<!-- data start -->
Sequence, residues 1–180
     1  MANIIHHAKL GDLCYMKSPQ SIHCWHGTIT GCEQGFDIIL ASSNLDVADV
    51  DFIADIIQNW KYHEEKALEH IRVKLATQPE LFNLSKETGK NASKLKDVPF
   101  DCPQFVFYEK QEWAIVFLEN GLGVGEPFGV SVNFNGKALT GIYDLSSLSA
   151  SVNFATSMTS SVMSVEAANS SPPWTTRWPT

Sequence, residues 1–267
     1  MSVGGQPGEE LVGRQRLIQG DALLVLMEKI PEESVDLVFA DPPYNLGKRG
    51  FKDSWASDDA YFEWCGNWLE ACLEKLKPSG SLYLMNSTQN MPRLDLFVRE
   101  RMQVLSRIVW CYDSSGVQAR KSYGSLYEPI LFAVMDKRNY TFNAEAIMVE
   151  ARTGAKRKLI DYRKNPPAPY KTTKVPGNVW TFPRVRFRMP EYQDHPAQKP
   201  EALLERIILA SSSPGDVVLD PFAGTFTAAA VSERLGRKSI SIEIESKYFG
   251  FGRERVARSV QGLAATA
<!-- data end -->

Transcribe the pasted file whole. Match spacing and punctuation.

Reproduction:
Sequence, residues 1–180
     1  MANIIHHAKL GDLCYMKSPQ SIHCWHGTIT GCEQGFDIIL ASSNLDVADV
    51  DFIADIIQNW KYHEEKALEH IRVKLATQPE LFNLSKETGK NASKLKDVPF
   101  DCPQFVFYEK QEWAIVFLEN GLGVGEPFGV SVNFNGKALT GIYDLSSLSA
   151  SVNFATSMTS SVMSVEAANS SPPWTTRWPT

Sequence, residues 1–267
     1  MSVGGQPGEE LVGRQRLIQG DALLVLMEKI PEESVDLVFA DPPYNLGKRG
    51  FKDSWASDDA YFEWCGNWLE ACLEKLKPSG SLYLMNSTQN MPRLDLFVRE
   101  RMQVLSRIVW CYDSSGVQAR KSYGSLYEPI LFAVMDKRNY TFNAEAIMVE
   151  ARTGAKRKLI DYRKNPPAPY KTTKVPGNVW TFPRVRFRMP EYQDHPAQKP
   201  EALLERIILA SSSPGDVVLD PFAGTFTAAA VSERLGRKSI SIEIESKYFG
   251  FGRERVARSV QGLAATA